Russian ties and lies in Central Europe

The spa city of Carlsbad (Karlovy Vary) in Western Bohemia, counting 50 000 inhabitants. You might be surprised by sign posts written in Cyrillic alphabet and daily flights to several Russian cities. All this is thanks to the large Russian minority that came here in the 90s.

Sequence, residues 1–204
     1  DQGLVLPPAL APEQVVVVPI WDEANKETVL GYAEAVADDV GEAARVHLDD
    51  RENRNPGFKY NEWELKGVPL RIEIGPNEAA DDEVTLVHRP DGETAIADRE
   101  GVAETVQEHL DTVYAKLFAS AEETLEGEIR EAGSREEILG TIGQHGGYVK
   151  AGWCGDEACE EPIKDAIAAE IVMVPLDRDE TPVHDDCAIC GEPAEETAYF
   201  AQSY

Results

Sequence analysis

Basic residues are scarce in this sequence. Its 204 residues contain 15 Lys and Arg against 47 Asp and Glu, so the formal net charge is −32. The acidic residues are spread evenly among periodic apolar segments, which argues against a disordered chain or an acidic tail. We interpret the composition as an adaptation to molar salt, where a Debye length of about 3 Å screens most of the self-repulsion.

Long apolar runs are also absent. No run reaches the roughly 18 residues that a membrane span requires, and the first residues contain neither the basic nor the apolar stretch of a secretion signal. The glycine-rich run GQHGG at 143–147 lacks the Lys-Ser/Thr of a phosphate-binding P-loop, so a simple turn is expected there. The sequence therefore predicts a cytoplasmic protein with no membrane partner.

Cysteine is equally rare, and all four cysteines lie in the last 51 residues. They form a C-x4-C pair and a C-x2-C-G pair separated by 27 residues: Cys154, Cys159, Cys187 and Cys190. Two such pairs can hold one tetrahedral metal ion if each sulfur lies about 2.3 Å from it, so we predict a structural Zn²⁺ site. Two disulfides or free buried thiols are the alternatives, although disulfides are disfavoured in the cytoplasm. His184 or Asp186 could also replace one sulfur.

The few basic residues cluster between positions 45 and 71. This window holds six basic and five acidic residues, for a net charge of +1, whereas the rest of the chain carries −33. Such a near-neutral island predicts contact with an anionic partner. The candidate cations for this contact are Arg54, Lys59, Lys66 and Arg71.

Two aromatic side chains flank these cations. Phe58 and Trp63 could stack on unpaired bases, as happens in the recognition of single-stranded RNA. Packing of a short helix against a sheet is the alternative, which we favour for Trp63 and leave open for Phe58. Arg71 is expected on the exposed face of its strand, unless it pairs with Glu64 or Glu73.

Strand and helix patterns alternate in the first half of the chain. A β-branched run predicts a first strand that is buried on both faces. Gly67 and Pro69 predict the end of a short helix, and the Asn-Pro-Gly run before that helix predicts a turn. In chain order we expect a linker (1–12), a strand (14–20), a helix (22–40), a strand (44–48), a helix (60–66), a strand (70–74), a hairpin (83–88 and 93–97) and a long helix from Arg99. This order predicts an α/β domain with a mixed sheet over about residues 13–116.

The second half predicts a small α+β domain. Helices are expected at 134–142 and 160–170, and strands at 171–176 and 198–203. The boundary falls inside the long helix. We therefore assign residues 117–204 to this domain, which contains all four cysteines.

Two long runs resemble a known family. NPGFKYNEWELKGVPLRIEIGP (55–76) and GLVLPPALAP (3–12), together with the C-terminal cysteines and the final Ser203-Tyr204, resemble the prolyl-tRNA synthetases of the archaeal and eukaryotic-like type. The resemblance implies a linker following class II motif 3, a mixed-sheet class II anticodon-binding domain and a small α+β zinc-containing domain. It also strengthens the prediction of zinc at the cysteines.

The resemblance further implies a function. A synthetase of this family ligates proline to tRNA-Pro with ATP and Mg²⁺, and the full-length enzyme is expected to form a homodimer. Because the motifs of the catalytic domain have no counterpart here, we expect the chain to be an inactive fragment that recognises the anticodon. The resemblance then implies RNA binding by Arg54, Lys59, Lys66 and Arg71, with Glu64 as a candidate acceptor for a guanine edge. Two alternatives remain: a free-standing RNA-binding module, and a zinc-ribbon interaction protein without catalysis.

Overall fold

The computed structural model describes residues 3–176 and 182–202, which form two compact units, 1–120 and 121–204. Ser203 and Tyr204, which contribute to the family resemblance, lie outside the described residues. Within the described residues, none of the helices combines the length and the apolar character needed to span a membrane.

When the European Council was deciding on another round of Russian sanctions at the end of August, three Central European countries – Czech Republic, Slovakia and Hungary – showed reluctance to agree to the measures. For some, this might be surprising, taking into account the Soviet occupation of those countries. However, the communist period is paradoxically one of the reasons why Russians are still so influential in this region thanks to their links which I’ll show with the example of the Czech Republic. Poland is an outlier in this regard with a foreign policy marked by intense wariness in its relationship to Russia. This can probably be ascribed to Poland’s bad historical experiences with Russia during the partitions of Poland and World War II including the Katyn massacre).